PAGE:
The Marvelous Wonderettes

By staff January 18, 2010

Take a trip back in time with the Golden Apple's Marvelous Wonderettes.

 By Kay Kipling

 It’s always easy to tell ourselves the good old days were much simpler, happier times, and that certainly is the case with the Golden Apple Dinner Theatre’s current production of The Marvelous Wonderettes. Never mind the Cold War or the various social revolutions of the 1960s; this musical revue with lots of well-remembered songs can make you believe there was nothing more serious than the occasional spat between girlfriends taking place in those halcyon days.


The show, written and directed by Roger Bean, has been a hit elsewhere, and it’s easy to see why. Bean has tied together a slew of songs, from Dream Lover to It’s My Party to Mr. Sandman to Respect, with a slight but affectionate storyline about four girls performing on prom night and then, in Act II, at their 10-year high school reunion. Their characters are differentiated just enough to give the actresses portraying them something to hang their hats on.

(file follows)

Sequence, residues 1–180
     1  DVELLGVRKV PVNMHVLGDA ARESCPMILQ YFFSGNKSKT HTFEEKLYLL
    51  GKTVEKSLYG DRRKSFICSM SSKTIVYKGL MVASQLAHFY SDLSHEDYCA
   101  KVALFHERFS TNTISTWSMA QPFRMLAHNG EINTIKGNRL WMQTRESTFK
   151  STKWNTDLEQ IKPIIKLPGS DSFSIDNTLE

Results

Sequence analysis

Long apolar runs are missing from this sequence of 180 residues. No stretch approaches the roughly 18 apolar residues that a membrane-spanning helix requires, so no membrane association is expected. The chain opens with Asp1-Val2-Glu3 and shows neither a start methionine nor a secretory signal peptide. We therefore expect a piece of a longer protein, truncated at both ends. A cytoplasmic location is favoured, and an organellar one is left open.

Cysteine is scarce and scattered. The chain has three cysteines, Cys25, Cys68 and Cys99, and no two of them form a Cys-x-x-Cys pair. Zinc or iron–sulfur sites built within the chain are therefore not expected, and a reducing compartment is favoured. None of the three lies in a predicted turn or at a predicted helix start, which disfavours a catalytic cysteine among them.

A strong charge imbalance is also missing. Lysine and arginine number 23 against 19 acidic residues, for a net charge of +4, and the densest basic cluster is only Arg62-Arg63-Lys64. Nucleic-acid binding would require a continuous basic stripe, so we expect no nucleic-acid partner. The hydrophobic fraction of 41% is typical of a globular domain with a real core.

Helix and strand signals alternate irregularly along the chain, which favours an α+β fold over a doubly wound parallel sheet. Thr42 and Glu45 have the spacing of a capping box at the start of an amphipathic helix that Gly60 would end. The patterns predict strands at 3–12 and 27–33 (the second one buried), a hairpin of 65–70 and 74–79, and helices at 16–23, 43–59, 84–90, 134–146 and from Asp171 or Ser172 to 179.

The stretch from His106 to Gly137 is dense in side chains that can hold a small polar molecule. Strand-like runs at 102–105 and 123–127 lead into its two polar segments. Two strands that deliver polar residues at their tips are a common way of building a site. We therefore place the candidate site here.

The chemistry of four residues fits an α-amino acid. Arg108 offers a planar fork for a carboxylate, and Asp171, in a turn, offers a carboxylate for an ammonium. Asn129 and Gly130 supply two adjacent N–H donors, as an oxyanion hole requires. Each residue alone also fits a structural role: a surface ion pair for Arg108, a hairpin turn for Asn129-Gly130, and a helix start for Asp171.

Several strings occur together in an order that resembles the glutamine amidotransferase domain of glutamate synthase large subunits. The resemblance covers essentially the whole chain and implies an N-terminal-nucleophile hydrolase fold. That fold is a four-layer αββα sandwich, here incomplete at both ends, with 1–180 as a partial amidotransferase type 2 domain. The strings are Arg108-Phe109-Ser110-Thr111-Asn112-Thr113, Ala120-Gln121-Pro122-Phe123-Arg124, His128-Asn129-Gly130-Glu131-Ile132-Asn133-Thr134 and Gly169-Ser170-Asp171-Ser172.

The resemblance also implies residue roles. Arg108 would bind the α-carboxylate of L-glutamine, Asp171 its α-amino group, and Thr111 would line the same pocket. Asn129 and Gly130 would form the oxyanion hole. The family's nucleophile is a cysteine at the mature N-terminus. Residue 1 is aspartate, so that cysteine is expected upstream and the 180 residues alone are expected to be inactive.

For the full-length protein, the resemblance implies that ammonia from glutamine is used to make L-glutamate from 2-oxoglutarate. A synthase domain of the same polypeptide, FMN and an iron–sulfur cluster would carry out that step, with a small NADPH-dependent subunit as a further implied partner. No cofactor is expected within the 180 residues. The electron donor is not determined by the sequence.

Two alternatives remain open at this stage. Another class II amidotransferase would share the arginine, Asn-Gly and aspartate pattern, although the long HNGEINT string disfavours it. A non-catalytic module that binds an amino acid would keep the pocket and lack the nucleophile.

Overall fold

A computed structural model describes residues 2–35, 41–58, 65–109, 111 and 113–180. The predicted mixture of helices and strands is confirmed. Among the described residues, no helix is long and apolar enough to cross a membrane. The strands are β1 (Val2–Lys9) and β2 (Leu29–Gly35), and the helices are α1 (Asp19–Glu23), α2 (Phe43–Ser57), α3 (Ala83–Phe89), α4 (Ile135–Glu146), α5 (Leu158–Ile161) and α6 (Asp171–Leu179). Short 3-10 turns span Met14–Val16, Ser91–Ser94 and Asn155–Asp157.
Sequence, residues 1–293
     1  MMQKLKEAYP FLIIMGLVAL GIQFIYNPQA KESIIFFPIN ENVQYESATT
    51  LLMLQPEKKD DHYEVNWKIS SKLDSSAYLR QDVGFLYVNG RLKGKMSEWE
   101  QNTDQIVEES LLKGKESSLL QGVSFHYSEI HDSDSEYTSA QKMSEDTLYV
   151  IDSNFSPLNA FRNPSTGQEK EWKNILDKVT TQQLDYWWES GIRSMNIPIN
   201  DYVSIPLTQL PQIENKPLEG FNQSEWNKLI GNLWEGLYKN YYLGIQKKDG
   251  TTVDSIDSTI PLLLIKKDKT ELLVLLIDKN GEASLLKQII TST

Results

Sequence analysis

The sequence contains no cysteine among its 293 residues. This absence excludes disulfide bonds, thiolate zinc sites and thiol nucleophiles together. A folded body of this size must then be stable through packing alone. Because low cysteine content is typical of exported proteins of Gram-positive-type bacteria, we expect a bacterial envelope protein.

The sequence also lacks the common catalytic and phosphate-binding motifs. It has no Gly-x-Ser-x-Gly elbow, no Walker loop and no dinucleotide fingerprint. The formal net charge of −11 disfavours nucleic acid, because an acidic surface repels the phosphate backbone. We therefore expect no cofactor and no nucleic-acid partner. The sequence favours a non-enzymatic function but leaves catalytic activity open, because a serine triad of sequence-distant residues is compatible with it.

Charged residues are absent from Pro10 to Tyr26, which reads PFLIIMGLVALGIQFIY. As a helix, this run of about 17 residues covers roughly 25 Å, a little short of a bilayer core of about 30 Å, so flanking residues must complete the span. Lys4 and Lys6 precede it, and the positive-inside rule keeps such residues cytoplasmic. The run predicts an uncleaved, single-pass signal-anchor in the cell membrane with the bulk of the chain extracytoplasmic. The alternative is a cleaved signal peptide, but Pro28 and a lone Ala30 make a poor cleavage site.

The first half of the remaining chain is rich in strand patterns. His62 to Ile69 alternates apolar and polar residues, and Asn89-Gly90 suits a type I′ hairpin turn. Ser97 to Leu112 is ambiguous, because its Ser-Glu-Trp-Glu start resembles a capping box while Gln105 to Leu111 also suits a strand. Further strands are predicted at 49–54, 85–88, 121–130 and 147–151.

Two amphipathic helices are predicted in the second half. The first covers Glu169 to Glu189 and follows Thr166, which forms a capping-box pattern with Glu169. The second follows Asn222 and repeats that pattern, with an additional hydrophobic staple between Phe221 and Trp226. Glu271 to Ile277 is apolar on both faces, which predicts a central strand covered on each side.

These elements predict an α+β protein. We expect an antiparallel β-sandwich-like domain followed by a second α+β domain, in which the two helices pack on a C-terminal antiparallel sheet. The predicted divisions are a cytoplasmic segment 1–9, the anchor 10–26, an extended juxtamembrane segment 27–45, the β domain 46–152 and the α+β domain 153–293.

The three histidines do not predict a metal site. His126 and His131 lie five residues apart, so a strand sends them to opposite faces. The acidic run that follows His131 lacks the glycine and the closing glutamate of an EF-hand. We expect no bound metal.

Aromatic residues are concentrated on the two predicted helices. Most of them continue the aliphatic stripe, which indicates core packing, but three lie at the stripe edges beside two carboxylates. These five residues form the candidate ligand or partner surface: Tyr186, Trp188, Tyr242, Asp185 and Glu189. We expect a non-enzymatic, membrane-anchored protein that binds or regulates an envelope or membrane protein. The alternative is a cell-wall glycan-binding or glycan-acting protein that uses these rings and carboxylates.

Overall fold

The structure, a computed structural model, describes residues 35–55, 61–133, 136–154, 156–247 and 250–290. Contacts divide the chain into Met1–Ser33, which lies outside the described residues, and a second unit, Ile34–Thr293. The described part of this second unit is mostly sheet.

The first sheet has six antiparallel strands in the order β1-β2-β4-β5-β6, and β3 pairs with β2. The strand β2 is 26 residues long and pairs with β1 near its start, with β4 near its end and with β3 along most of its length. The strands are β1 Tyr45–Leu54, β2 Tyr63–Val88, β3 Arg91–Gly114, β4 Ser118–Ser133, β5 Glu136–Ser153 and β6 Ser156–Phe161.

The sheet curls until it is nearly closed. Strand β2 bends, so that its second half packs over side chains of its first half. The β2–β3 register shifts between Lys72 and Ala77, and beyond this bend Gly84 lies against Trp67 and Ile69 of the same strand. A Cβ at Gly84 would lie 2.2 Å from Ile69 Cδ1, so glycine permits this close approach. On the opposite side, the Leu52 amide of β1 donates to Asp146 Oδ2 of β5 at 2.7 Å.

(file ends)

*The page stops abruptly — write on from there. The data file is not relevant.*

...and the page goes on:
Sarah Farnam, Heather Kopp, Kyle Turoff and Samantha Barrett in The Marvelous Wonderettes.


There’s Suzy (Samantha Barrett), the ditsy, gum-chewing blonde whose heart belongs to the boy running the lights for the dance; Missy (Sarah Farnam), the good-girl-nerd wearing glasses, who has a secret yen for a teacher; Cindy Lou (Heather Kopp), the flirt who’s always got a guy in her sights; and Betty Jean (Kyle Turoff), the brassy bigmouth who’s also supposed to be Cindy Lou’s best friend—until a man comes between them.


The actresses are well matched to their roles; and, in the tradition of musical revues, each gets a chance to shine on some good vocal material solo as well as together. At times it becomes obvious that their voices are really more suited to stage musicals than singing pop numbers, but they succeed despite that, occasionally letting it rip with renditions of more soulful songs like Son of a Preacher Man or (Love is Like A) Heatwave.


The show’s choreography, by Dewayne Barrett, is simple and sometimes intentionally awkward, as befits four girls who love to perform but were pressed into service at the last minute (to replace the boys’ glee club members, one of whom was caught smoking). Likewise, the costumes (by Dee Richards) bear a deliberate homemade look. And the wigs—well, you could write a whole paragraph about the wigs, but it’s best if you just see them for yourself.


Frequently bouncy and always good fun, in the hands of director Larry Raben The Marvelous Wonderettes is a welcome evening of light, nostalgic entertainment. The show continues through Feb. 21; for tickets call 366-5454 or visit
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